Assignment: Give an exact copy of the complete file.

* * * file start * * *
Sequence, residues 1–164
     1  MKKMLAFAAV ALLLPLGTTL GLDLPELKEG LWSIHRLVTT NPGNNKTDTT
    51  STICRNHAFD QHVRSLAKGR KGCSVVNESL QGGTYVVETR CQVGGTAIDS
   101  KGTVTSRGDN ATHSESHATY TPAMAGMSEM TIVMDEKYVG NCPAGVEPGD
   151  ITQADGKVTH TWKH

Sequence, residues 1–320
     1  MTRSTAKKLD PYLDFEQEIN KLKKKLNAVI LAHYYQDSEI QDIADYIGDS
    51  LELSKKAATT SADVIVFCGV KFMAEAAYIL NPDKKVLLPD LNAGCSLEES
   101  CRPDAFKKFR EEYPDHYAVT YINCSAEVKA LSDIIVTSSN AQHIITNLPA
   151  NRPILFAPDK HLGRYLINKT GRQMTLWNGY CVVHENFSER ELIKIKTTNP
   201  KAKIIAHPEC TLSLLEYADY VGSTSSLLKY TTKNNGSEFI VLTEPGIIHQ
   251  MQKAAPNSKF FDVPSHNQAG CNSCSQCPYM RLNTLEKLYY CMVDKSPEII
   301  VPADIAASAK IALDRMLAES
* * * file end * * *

Sequence, residues 1–164
     1  MKKMLAFAAV ALLLPLGTTL GLDLPELKEG LWSIHRLVTT NPGNNKTDTT
    51  STICRNHAFD QHVRSLAKGR KGCSVVNESL QGGTYVVETR CQVGGTAIDS
   101  KGTVTSRGDN ATHSESHATY TPAMAGMSEM TIVMDEKYVG NCPAGVEPGD
   151  ITQADGKVTH TWKH

Sequence, residues 1–320
     1  MTRSTAKKLD PYLDFEQEIN KLKKKLNAVI LAHYYQDSEI QDIADYIGDS
    51  LELSKKAATT SADVIVFCGV KFMAEAAYIL NPDKKVLLPD LNAGCSLEES
   101  CRPDAFKKFR EEYPDHYAVT YINCSAEVKA LSDIIVTSSN AQHIITNLPA
   151  NRPILFAPDK HLGRYLINKT GRQMTLWNGY CVVHENFSER ELIKIKTTNP
   201  KAKIIAHPEC TLSLLEYADY VGSTSSLLKY TTKNNGSEFI VLTEPGIIHQ
   251  MQKAAPNSKF FDVPSHNQAG CNSCSQCPYM RLNTLEKLYY CMVDKSPEII
   301  VPADIAASAK IALDRMLAES